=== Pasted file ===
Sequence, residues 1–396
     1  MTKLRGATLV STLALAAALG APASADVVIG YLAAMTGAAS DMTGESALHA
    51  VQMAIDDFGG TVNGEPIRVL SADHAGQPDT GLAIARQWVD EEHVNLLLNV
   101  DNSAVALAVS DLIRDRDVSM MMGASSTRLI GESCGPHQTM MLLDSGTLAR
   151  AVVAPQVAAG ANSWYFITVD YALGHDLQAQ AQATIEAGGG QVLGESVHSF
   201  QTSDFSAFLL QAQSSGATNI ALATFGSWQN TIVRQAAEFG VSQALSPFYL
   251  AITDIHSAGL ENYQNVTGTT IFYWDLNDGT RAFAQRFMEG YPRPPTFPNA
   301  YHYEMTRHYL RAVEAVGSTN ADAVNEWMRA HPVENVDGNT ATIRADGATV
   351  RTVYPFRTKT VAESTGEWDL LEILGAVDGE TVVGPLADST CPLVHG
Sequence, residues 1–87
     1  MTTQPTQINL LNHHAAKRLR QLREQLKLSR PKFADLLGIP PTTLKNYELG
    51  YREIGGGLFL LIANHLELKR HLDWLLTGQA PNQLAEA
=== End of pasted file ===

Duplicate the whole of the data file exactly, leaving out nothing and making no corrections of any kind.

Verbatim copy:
Sequence, residues 1–396
     1  MTKLRGATLV STLALAAALG APASADVVIG YLAAMTGAAS DMTGESALHA
    51  VQMAIDDFGG TVNGEPIRVL SADHAGQPDT GLAIARQWVD EEHVNLLLNV
   101  DNSAVALAVS DLIRDRDVSM MMGASSTRLI GESCGPHQTM MLLDSGTLAR
   151  AVVAPQVAAG ANSWYFITVD YALGHDLQAQ AQATIEAGGG QVLGESVHSF
   201  QTSDFSAFLL QAQSSGATNI ALATFGSWQN TIVRQAAEFG VSQALSPFYL
   251  AITDIHSAGL ENYQNVTGTT IFYWDLNDGT RAFAQRFMEG YPRPPTFPNA
   301  YHYEMTRHYL RAVEAVGSTN ADAVNEWMRA HPVENVDGNT ATIRADGATV
   351  RTVYPFRTKT VAESTGEWDL LEILGAVDGE TVVGPLADST CPLVHG
Sequence, residues 1–87
     1  MTTQPTQINL LNHHAAKRLR QLREQLKLSR PKFADLLGIP PTTLKNYELG
    51  YREIGGGLFL LIANHLELKR HLDWLLTGQA PNQLAEA